What are your default life patterns?

3 10 2013

It’s said that up to 80% of our day to day activity is done on ‘auto-pilot’, without consciously thinking about what we are doing (or have to do next). Simply put, our brains are wired to learn what they have to do repeatedly every day, and then they do those tasks automatically, so we can save our valuable mental energy for things that really matter (decisions, social engagement, etc). It’s all about efficiency.

So a large part of our life – and it’s quality – is determined by our habits. I read this quote recently, which highlights the massive importance and impact our habitual behaviours have on our lives. Have a think – and ask yourself, if you could break one bad habit, and form one new one, what would they be, and what impact would it have on your life if you reached the point where you did it automatically, every day (or every week – key point being that it becomes part of your routine). For me, examples would be exercising every day after work, or calling my family every Saturday morning.

– Quinton

“Being in bed, having a shower, having breakfast in the kitchen, sitting in my study writing, walking in the garden, cooking and eating our common lunch at my office with my friends, going to the movies, taking my family to eat at a restaurant, going to bed again. There are a few more.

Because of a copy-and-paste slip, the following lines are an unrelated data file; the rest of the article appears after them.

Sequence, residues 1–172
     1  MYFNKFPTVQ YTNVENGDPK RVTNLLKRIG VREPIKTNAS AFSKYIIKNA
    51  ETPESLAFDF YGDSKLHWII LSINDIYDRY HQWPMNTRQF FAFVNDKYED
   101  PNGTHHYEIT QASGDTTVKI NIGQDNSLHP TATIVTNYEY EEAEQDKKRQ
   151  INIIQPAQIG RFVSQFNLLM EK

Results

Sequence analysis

“There are surprisingly few of these patterns of events in any one person’s way of life, perhaps no more than a dozen. Look at your own life and you will find the same. It is shocking at first, to see that there are so few patterns of events open to me.

“Not that I want more of them. But when I see how very few of them there are, I begin to understand what huge effect these few patterns have on my life, on my capacity to live. If these few patterns are good for me, I can live well. If they are bad for me, I can’t.”

– Christopher Alexander


“You seek escap…

1 10 2013

“You seek escape from pain. We seek the achievement of happiness.
You exist for the sake of avoiding punishment. We exist for the sake of earning rewards.
Threats will not make us function; fear is not our incentive. It is not death that we wish to avoid, but life that we wish to live.

You, who have lost the concept of the difference, you who claim that fear and joy are incentives of equal power—and secretly add that fear is the more “practical”—you do not wish to live, and only fear of death still holds you to the existence you have damned.” – Atlas Shrugged, Part III, by Ayn Rand.

Incredible quote from the pages of Atlas Shrugged, the epic novel written by Ayn Rand in the ’60s.